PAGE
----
Music

Archive: The False Foundation

Despite some exciting and vital moments, The False Foundation struggles to cohere into a cogent statement befitting of a legitimately scary political moment.


Archive

The False Foundation

Label: Dangervisit
US Release Date: 2016-10-07
UK Release Date: 2016-10-07
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Paranoia and fascination with dystopia are not new; they have been mainstays of Western music, art, and literature at least since the Industrial Revolution took millions of people and gathered them together in dense, urban, claustrophobic landscapes. Nonetheless, 2016 is an ideal year for an album like The False Foundation, the 11th studio album by trip-hop veterans Archive, anticipatory as we all seem to be of the collapse of our most trusted institutions. Released after Brexit but before Donald Trump's triumph in the United States presidential election, one could easily draw a line from The False Foundation's eerie pessimism to the climate these events have both signaled and created. At the same time, the album is not hugely specific in its focus: while the icy, deconstructed electronic sound is reminiscent of relatively recent albums like Portishead's 2008 release Third, thematically the album could have been released at most any point in our late capitalist history and been construed as relevant commentary on our political situation.

Most of the sounds and textures featured on the album can be traced back to industrial music in some form or another, usually in the form of brittle, chilly synths and electronics. This is fitting, as the album has a very literal industrial feel as well, evoking the steely architecture of an urban nightmare. Visually, the album could be correlated with the dense, stark, high-contrast urban labyrinths featured in films like Fritz Lang's Metropolis or even David Lynch's Eraserhead. Listening to "Driving in Nails", one has the sense of a sinister edifice being constructed before one's very eyes. A vocal sample dressed as an exhausted, falsely cheery work chant punctuates this construction, singing over and over, "Driving in nails, just driving in nails", before the entire production is consumed by an icy, otherworldly encasement towards the end of the track. The foreboding project at foot here doesn't seem to be fully completed until the end of the album, though, when on "Stay Tribal" vocalist Dave Pen announces, "Last nail in / No removal / It's final". Like Pink Floyd's The Wall, The False Foundation is a narrative of gradual and ominous assembly, the building of a structure designed to trap and restrain rather than to protect and shield.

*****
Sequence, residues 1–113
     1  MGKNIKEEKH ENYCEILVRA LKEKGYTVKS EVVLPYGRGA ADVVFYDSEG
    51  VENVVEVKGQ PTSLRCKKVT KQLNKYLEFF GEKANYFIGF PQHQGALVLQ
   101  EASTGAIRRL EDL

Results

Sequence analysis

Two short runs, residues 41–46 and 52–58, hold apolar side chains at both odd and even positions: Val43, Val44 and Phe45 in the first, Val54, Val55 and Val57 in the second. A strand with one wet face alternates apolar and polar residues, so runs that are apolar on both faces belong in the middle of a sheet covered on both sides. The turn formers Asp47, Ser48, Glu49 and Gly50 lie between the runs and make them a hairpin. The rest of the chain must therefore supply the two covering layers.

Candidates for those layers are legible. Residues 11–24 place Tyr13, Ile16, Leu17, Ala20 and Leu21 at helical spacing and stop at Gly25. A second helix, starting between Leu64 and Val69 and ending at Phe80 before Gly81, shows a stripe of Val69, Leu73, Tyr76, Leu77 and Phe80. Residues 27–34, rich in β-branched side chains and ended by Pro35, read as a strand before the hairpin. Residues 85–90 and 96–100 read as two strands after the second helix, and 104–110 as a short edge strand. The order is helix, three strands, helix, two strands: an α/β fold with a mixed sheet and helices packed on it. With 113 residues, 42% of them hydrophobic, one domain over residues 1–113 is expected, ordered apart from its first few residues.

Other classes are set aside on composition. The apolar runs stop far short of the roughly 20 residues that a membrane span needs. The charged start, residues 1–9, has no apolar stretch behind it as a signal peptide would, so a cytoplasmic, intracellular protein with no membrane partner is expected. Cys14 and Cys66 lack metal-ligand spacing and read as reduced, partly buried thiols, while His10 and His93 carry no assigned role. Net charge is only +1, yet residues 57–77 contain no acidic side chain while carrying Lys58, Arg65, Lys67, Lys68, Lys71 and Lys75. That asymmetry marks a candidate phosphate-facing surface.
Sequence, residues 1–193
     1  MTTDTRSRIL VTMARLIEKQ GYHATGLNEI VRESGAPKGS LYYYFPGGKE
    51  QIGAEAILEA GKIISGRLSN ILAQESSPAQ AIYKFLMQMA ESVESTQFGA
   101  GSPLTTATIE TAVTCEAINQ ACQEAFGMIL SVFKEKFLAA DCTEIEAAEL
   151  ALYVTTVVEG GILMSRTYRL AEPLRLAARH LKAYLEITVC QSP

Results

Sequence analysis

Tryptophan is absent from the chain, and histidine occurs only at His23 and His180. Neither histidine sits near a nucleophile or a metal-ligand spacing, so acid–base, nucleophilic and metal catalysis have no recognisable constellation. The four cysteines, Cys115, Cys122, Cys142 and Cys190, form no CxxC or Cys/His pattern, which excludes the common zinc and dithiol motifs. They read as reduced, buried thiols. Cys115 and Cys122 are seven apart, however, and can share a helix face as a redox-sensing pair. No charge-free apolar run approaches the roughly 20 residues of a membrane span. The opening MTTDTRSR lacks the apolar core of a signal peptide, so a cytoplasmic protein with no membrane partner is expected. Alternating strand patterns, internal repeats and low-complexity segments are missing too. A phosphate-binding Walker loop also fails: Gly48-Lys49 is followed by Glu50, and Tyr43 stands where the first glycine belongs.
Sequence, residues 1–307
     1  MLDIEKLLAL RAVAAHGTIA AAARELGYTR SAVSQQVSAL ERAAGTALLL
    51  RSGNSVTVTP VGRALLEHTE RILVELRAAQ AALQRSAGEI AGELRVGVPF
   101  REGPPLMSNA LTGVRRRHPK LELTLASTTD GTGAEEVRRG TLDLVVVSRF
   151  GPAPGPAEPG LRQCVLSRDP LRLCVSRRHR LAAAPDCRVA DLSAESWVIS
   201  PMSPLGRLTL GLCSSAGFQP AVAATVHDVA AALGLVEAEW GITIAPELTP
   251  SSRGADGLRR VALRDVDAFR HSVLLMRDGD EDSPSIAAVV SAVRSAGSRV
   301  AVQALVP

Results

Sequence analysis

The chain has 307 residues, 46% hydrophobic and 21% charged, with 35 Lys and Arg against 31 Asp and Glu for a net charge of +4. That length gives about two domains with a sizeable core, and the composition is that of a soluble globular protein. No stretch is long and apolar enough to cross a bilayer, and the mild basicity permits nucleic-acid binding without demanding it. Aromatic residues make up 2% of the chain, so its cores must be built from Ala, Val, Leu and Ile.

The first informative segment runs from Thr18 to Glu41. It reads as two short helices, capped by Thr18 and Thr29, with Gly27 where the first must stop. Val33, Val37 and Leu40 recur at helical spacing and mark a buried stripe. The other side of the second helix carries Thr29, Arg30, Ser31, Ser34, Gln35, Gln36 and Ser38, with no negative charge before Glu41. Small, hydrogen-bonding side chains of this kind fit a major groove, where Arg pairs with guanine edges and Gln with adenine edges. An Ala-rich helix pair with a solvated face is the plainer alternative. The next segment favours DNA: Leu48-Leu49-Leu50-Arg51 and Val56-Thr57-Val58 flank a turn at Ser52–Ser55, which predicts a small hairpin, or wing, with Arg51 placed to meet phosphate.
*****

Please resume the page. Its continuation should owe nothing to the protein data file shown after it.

The album is best at its most stripped down, spare, and piano-driven moments. The monolithic, elegiac opener "Blue Faces" is case in point here, as is the standout track "Bright Lights", which features gorgeous balladry supported by a hollowed-out, barely-there drum machine. With an emotionally direct melody and heartrending lyrics, "Bright Lights" succeeds because it focuses its attention not so much on the properties of dystopia themselves, but on the quality of human connectedness situated within such a dark world. "I wanna see how far we go out / I wanna hold you dearly / And there's a breeze that's keeping me still / There's a warmth that's keeping you here," Pen sings plaintively, in a rare moment of wounded hopefulness. If you only listen to one track from The False Foundation, this should be it.

Less successful are the moments when the album leans more closely towards electropop, as Archive lack the gift for pop melodies and vocal dynamism to properly support their forays into this genre. The repetitive melodies of "The False Foundation", "Splinters", and "Stay Tribal" all become grating before very long and might have been stronger productions had they simply been left as instrumental tracks. Listening to these other sections, one realizes that the searing beauty of "Bright Lights" is more of an exception than a rule. Pen's vocals come across as unremarkable when surrounded by denser soundscapes, sitting uncomfortably as they do between elegant warbling along with the lines of the Antlers' Peter Silberman, and a deadpan delivery more closely resembling Roger Waters. On album closer "The Weight of the World", Archive incorporate a folk spiritual melody to surprisingly successful results, but Pen sounds positively unconvincing when he politely monotones, "Horror, horror, horror," near the end of the track. The reprise of "Blue Faces" that then ensues was probably meant to be chilling but instead comes across as a little too predictable and by the book (again, The Wall used the same technique for its conclusion back in 1979).

Archive are an ambitious band, and that ambition is on display as fully as ever with their latest release. Fans of dystopian music may find much to enjoy here, though the album may at first glance appear more relevant to current affairs than it actually is. Like their 2014 release Axiom, The False Foundation may have been a more potent statement had it been accompanied by a film, as some of its most compelling moments lie in its evocation of urban, claustrophobic visuals. The band experiments with a variety of genres all tied together by an industrial thread, though these various forays yield inconsistent results. Despite some truly exciting and vital moments, The False Foundation struggles to cohere into a cogent statement befitting of a legitimately scary political moment.

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